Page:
American in Egyptian prison pleads to Trump: 'I pray that you secure my freedom'
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An American citizen jailed in Egypt is pleading for President TrumpDonald John TrumpTrump: WHCA picking non-comedian for headliner a 'good first step' Five takeaways from Mississippi's Senate debate Watergate’s John Dean: Nixon would tell Trump 'he's going too far' MORE and Vice President Pence to free him, according to two letters obtained by ABC News Wednesday.

Mustafa Kassem, who has been in jail for five years and still has 15 years left on his sentence, sent two letters to the administration describing how he was arrested by Egyptian security officials amid a mass crackdown on opposition voices.

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Kassem, who worked as a taxicab driver in New York, was convicted of trying to overthrow the government of Egyptian President Abdel Fattah el-Sisi in a trial with more than 700 other co-defendants when visiting his wife and two children in August 2013.

"Dear President Trump: As an American beginning the hunger strike that could leave my two young children without a father and make my wife a widow, I pray that you secure my freedom from an Egyptian prison and government that you just gave $1.2 billion," ABC News quoted one of the two letters as saying.

He has also recently started a hunger strike because "I am losing my will and don't know how else to get your attention," according to ABC News, though his family has urged him to stop as the 53-year-old diabetic's health is deteriorating.

Kassem admits that his strategy is endangering his health says he will continue.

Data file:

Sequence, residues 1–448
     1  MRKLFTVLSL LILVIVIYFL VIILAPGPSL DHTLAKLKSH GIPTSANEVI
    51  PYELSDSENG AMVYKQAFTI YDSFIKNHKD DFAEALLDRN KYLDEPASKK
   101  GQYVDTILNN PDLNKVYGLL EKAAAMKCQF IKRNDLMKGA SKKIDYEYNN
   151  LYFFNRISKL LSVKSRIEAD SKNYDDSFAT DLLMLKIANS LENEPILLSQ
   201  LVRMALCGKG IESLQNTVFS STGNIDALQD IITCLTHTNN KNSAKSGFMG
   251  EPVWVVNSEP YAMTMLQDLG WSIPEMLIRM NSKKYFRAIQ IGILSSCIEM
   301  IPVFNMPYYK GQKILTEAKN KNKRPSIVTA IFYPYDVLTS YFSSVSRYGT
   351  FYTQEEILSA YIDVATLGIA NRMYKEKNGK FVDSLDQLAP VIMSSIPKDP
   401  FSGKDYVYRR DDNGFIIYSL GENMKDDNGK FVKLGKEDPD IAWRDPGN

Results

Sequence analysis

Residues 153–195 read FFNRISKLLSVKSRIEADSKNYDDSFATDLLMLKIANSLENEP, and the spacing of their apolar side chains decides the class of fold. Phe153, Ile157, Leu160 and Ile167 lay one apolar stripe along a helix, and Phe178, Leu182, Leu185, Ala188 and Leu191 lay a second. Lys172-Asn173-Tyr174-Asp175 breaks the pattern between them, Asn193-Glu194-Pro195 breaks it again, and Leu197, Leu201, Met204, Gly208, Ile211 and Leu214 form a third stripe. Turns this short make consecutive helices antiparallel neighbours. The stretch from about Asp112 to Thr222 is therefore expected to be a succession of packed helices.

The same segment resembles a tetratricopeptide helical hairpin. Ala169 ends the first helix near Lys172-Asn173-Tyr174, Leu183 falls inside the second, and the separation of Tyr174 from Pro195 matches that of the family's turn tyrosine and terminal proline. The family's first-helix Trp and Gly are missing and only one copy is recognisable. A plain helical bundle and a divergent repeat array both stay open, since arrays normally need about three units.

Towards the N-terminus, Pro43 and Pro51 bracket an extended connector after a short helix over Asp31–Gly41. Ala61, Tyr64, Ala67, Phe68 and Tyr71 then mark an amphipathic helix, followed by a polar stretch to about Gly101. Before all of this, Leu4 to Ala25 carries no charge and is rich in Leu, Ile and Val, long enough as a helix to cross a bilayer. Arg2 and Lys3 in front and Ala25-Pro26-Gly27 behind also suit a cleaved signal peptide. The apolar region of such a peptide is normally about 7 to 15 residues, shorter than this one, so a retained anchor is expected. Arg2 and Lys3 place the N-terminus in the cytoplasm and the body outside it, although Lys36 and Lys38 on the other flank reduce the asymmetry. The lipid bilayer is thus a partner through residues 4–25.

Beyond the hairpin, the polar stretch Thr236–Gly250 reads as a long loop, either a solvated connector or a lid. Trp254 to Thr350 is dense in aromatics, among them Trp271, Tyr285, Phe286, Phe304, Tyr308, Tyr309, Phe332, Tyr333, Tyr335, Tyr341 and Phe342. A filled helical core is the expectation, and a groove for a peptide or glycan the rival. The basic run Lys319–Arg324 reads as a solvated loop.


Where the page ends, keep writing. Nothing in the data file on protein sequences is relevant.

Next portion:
"I want my children to know that I fought tooth and nail for my freedom. I want them to know America is great because our government will fight tooth and nail for its citizens," he wrote in the letter addressed to Pence.

Despite health concerns, Kassem said he has been denied regular treatment, including insulin injections, while in jail. 

Pence said that he raised the issue of Kassem's imprisonment when meeting with Sisi in Cairo in January. Kassem thanked Pence for these efforts, saying that they represented "little rays of light" and hope that "my government still cared for me."

"But since January, I have seen no change and little action from either the Egyptian government or our government," he wrote to Pence in the new letter. "I am losing hope that you and our government are willing to take a hard stance and secure my freedom."

Trump's administration has received criticism for its friendly treatment of Egypt. Trump called Sisi a "fantastic guy" and in July released $195 million in military aid to Egypt.

The White House did not immediately respond to a request for comment from The Hill.